Bone Marrow Eligibility Quiz - Irish Blood Transfusion Service

Bone Marrow Eligibility Quiz

 

Thank you for completing the eligibility quiz.

Please do not consider this list exhaustive. It may be possible that when you attend a blood clinic to join the registry you may not be suitable. Please click the link below to find a clinic near you! Thank you for your interest in joining the Irish Unrelated Bone Marrow Registry!

You are not currently eligible to join the registry; you must be over 18 years of age. Once you are 18 we would be delighted if you applied.

See our bone marrow FAQs

Thank you for your interest in joining the registry, unfortunately you are not eligible as you must be under 45 years of age to join the registry.

See our bone marrow FAQs

Thank you for your interest in joining the bone marrow registry, you must be over 50 kgs to join the bone marrow registry.

See our bone marrow FAQs

It must be 12 months since you have given birth before you can join the registry.

See our bone marrow FAQs

You cannot donate if you have ever had syphillis or gonorhoea

You can give blood 4 months after complete recovery and conclusion of treatment for chlamydia and genital herpes.

You can give blood 2 weeks after complete recovery and conclusion of treatment of genital/anal warts.

Contact us for all other STI's not listed.

See our bone marrow FAQs

Change to Deferral Criteria for MSM Donating Blood    

Why did the IBTS decide to change from the lifelong deferral to one year for MSM since their last sexual contact?  

There are many reasons why a person may not be eligible to donate on the day they attend a donation clinic.  The IBTS constantly reviews these deferral criteria and makes changes as appropriate.  In the case of men who have sex with men (MSM) a lifelong deferral has been in place since the emergence of HIV in the 1980s.  In light of changes to this deferral criterion in other countries the IBTS decided to review its lifetime deferral.   The IBTS held a conference on 21 & 22 April 2016 at which data were presented from countries that had changed their deferral criteria for MSM.  The data showed that there had not been an increase in the number of HIV positive blood donations, since the change in the deferral policy. It was concluded that international experience had shown that a one year deferral is as effective as a lifetime deferral from the point of view of protecting the blood supply against the risk of HIV transmission.   

What does this mean in practice?  

This means that a man whose last sexual contact with another man was more than 12 months ago will be eligible to donate if he meets the other donor selection criteria.  A man who has had oral or anal sex with another man in the past 12 months will still not be eligible to donate, even if he used a condom or pre or post exposure prophylaxis (PrEP/PEP).   People who take medication to prevent HIV infection i.e. pre or post exposure prophylaxis (PrEP/PEP) will be deferred from donating for 12 months thereafter.  This is because the use of PrEP or PEP may interfere with testing for HIV by delaying seroconversion or giving unclear results in a positive donor.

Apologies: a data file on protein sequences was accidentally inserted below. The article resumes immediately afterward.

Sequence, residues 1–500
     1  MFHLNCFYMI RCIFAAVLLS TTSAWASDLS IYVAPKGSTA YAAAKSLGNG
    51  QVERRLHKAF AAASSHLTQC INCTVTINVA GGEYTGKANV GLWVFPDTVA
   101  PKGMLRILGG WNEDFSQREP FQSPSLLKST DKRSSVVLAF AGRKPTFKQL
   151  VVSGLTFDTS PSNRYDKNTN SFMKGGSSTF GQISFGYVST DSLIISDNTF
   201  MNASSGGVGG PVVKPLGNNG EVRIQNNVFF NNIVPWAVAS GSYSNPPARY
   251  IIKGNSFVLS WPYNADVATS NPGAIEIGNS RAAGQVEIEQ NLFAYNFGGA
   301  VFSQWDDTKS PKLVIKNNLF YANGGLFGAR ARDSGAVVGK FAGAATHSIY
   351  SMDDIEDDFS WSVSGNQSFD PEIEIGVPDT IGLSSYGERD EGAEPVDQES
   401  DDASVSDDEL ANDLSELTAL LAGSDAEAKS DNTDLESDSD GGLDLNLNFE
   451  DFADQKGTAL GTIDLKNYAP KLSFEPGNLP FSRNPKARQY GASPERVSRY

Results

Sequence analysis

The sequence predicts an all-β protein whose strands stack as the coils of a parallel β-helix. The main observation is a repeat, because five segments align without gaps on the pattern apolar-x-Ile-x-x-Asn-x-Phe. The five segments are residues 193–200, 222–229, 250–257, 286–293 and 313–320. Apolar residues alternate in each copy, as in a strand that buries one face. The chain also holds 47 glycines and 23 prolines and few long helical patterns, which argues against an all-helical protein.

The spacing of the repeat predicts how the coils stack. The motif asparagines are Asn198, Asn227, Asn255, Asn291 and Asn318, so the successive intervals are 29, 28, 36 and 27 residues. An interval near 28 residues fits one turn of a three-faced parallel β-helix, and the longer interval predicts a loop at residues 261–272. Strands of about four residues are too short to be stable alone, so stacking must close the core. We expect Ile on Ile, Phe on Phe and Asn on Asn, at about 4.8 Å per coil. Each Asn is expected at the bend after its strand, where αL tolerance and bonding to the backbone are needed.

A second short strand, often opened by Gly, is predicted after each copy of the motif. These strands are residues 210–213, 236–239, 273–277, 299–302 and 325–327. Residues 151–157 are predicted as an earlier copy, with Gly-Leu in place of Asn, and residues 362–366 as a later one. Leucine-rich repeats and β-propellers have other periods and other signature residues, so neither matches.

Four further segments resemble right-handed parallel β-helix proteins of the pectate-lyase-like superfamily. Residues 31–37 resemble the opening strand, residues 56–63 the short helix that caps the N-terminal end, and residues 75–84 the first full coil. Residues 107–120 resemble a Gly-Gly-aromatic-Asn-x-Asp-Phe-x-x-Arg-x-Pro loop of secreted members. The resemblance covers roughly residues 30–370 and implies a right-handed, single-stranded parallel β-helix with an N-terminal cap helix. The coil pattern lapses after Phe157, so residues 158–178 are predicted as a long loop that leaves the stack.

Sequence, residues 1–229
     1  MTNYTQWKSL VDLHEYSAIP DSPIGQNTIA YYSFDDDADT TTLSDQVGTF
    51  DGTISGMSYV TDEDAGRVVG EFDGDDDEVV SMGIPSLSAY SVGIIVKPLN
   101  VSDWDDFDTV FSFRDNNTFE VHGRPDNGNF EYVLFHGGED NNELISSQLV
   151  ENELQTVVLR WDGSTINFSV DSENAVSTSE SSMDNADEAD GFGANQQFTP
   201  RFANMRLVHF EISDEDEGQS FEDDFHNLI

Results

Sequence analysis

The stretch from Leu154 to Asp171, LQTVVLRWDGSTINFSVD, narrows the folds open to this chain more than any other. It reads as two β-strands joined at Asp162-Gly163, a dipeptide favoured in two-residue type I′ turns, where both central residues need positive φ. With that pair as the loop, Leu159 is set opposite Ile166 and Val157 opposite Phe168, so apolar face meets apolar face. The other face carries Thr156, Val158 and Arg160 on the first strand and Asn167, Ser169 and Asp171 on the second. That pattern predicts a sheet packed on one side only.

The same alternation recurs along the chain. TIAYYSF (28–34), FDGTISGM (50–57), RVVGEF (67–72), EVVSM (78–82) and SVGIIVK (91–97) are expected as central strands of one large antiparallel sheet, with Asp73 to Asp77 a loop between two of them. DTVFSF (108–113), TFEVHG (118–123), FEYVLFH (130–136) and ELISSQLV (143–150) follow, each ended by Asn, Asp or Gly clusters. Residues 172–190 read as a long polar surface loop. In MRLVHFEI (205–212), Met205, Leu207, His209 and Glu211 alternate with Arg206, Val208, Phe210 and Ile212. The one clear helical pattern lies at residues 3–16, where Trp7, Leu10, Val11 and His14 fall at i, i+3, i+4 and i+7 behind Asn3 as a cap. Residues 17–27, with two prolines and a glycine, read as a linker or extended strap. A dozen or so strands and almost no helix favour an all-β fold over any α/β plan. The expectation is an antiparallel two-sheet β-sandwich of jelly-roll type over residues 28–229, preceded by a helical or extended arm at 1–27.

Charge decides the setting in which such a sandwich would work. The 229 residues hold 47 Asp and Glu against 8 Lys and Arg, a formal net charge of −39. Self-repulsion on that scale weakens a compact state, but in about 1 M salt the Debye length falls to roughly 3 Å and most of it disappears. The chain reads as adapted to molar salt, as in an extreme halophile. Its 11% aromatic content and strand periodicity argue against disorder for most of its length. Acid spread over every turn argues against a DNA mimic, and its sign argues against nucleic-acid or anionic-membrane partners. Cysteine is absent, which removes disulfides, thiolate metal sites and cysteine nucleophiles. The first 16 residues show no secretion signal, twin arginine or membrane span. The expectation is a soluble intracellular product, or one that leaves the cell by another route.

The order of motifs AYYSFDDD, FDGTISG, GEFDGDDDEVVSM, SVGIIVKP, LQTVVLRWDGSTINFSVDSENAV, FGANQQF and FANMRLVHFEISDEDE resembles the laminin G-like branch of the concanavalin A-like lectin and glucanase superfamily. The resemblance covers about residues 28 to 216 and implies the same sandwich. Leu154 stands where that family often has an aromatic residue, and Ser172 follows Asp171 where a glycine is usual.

What about the risk from Emerging Infections?  

While the one year deferral will protect against the risk of transmission of HIV there is concern that it may not be sufficient to deal with an emerging infection.  Persons who have had syphilis, gonorrhoea, lymphogranuloma venereum (LGV) or granuloma inguinale are permanently excluded from donating.  It is hoped that deferring people with these infections will add an extra layer of protection against emerging infections.   In addition there are other measures in place to quickly identify new emerging infections if they occur and to help to protect against these infections entering the   blood supply.  These measures include an international surveillance network and rapid development of new molecular tests.   

When was the life-long exclusion changed to a one year deferral?  

This change was introduced on 16 January 2017.  

How do the new recommendations impact people who were previously deferred? 

Persons who were deferred under previous criteria will be eligible to donate if they meet the new donor eligibility criteria.  

Why did it take this long to implement the change?  

We had to ensure that there was full communication and engagement around this change.  We also had to change our donor health and lifestyle questionnaires, guidelines for staff, information on our website and our IT systems.    

Will the IBTS consider further changes to the policy in the future? 

The IBTS will closely monitor the effects of the current changes over the next few years in order to help ensure that blood safety is maintained.  At the same time, the IBTS will continue to work in this area and review its donor deferral policies to ensure they reflect the most up-to-date scientific knowledge.  This process must be data-driven, so the timeframe for future changes is not something that can be predicted. 

Find more information on MSM here

You can donate if you received a blood transfusion in the Republic of Ireland before 1st January 1980 (depending on the reason for the transfusion -  please check the FAQs or contact us on 1850 731 137 so that we can advise you).  If you received a transfusion after this date you cannot donate blood.  However, if you received  an autologous transfusion (your own blood) you can donate after 12 months.

Thank you for completing the eligibility quiz

 

Thank you for completing the eligibility quiz.

Please do not consider this list exhaustive. It may be possible that when you attend a blood clinic to join the registry you may not be suitable. Please click the link below to find a clinic near you! Thank you for your interest in joining the Irish Unrelated Bone Marrow Registry!

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